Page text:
Close Reading: Bartleby the Scrivener
Herman Melville wrote the short story, Bartleby The Scrivener, in 1853 at the age of thirty-four. Melville writes this short story during the Industrial Revolution era, where Wall Street was booming and the economy was changing and shifting rapidly. At this particular time, Herman Melville had just finished writing another short story that was astonishingly criticized by fellow writers and critics. Melville felt that humanity had mistreated him just for the sole reason that they could not fully understand his creativity. In the aftermath of this condemnation, Melville decided to write this particular short story. Bartleby was hired as additional help for a Lawyer as a scrivener. During his first few days on the job, Bartleby “did an extraordinary quantity of writing. As if long famishing for something to copy… he ran a day and night line, copying by sun-light and by candle-light” (Melville 1091). Overtime, though, Bartleby started “preferring not to continue working” (Melville) and ends up becoming valueless to the Lawyer. Bartleby never actually refuses to work for the narrator, but by the end of the passage, the concluding outcome ended up the equivalent. The Lawyer feels obligated to work with Bartleby because he sympathizes with him and does not fully comprehend why he has “preferred not to work” (Melville). Eventually, the Lawyer undergoes a transformation during the passage, leaving his positive affections toward society at his office door. Melville uses this transformation as a commentary on the negative aspects of his society.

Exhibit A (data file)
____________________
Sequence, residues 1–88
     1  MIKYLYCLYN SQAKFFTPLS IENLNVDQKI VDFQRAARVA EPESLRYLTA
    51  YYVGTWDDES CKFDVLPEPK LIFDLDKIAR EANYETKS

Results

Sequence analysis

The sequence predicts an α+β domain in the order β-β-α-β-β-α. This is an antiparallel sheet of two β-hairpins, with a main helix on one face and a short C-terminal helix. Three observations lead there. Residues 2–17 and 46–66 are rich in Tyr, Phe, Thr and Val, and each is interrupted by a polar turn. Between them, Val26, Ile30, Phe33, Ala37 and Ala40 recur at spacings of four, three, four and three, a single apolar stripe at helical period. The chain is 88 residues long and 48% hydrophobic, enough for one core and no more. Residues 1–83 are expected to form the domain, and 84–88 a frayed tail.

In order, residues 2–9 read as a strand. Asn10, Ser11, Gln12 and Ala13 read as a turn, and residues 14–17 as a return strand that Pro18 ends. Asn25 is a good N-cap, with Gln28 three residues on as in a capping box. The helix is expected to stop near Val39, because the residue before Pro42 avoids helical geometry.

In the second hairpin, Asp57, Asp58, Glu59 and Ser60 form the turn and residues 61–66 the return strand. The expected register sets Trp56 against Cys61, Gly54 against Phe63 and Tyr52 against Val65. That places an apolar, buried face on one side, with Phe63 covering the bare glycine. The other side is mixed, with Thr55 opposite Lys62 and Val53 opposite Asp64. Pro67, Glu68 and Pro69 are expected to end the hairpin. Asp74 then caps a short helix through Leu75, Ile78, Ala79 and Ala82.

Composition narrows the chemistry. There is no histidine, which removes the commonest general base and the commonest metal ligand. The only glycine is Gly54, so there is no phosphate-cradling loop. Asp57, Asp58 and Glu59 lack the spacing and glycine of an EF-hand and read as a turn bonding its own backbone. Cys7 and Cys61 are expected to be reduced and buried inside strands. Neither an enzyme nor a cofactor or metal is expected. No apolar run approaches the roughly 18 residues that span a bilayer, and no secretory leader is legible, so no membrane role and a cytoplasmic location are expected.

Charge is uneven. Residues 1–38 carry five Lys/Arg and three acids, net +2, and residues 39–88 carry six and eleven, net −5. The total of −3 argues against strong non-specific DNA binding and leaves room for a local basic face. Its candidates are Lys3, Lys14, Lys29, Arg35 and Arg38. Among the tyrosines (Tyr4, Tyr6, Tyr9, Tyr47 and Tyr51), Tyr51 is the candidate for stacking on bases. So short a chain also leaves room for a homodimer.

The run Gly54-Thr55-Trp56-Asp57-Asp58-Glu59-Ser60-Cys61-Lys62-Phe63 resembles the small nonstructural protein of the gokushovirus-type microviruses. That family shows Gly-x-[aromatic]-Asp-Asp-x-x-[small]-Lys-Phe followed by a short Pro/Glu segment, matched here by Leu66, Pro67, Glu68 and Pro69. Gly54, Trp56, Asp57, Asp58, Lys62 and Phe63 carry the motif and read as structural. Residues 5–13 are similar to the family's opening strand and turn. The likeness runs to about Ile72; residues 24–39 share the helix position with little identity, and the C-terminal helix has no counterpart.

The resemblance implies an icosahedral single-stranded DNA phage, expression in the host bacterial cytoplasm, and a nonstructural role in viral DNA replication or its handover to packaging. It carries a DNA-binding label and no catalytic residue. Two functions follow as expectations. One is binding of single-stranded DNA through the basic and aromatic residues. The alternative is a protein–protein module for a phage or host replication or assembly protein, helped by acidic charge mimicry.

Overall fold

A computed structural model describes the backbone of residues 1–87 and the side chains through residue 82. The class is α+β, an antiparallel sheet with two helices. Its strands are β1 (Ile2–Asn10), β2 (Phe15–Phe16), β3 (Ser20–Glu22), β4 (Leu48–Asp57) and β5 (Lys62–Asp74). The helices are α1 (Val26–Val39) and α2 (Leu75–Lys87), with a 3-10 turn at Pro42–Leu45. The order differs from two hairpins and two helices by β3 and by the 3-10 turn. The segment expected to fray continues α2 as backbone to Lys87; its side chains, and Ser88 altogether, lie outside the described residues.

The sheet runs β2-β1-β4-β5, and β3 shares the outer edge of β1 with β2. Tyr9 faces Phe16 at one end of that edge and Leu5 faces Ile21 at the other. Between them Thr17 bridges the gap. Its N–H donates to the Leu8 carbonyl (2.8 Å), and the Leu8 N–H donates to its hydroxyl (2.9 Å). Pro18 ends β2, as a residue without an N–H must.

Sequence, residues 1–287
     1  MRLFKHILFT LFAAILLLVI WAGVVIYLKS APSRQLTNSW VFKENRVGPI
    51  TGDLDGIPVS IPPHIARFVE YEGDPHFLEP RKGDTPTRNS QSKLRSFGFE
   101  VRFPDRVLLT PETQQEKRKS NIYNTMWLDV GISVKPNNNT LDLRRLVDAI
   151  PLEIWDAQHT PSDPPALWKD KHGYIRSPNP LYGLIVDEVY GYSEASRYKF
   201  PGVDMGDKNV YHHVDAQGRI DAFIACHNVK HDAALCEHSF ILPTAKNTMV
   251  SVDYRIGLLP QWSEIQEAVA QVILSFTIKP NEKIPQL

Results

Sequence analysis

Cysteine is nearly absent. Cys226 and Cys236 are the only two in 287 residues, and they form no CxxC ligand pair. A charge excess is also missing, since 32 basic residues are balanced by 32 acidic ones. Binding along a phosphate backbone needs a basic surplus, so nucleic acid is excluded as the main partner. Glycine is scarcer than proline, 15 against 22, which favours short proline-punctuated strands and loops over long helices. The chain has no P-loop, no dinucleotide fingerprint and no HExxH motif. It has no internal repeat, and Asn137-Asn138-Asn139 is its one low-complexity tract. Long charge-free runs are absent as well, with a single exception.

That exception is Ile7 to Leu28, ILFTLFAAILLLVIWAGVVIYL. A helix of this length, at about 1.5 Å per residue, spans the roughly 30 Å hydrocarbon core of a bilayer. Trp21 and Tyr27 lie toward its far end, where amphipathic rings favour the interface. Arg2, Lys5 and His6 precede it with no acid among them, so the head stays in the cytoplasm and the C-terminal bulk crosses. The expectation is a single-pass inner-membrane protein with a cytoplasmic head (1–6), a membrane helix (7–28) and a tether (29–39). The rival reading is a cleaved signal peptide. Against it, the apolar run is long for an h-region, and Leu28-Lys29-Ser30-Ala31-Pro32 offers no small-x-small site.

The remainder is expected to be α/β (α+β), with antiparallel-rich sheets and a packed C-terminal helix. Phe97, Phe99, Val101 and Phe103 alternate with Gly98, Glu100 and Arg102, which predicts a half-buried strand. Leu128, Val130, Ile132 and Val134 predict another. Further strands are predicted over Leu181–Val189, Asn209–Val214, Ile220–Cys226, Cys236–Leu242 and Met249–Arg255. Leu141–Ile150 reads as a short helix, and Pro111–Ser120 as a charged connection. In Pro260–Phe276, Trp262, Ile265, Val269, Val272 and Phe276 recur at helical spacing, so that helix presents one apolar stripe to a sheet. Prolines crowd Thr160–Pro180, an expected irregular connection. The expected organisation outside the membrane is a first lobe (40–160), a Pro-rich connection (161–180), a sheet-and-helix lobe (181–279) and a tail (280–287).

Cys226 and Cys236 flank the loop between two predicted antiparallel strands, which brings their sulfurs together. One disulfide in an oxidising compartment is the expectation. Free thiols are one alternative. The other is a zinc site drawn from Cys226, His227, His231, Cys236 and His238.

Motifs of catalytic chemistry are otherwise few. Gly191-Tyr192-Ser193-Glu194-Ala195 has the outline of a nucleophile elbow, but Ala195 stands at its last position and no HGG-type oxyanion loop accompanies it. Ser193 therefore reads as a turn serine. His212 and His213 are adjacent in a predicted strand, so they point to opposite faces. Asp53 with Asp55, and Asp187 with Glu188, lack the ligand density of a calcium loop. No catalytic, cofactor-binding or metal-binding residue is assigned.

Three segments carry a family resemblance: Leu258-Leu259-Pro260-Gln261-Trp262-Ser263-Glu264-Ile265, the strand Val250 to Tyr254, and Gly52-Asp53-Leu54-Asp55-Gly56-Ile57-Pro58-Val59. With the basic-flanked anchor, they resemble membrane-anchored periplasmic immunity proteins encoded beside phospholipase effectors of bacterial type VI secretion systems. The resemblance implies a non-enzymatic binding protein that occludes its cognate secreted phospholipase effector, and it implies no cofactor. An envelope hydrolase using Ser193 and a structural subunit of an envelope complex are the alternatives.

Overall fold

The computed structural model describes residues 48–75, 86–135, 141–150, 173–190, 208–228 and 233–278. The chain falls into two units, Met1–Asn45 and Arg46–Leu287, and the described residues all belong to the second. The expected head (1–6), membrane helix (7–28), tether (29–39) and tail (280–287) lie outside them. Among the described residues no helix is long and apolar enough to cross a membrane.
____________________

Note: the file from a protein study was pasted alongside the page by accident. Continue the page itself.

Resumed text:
There are multiple quotes throughout this short passage that expresses the basis of the negative aspects of human nature. One of these quotes comes from the second paragraph and explains, “The bond of a common humanity now drew [him] irresistibly to gloom. A fraternal melancholy!” (Melville 1097). This sentence really describes how the two men had a common thread. When one...
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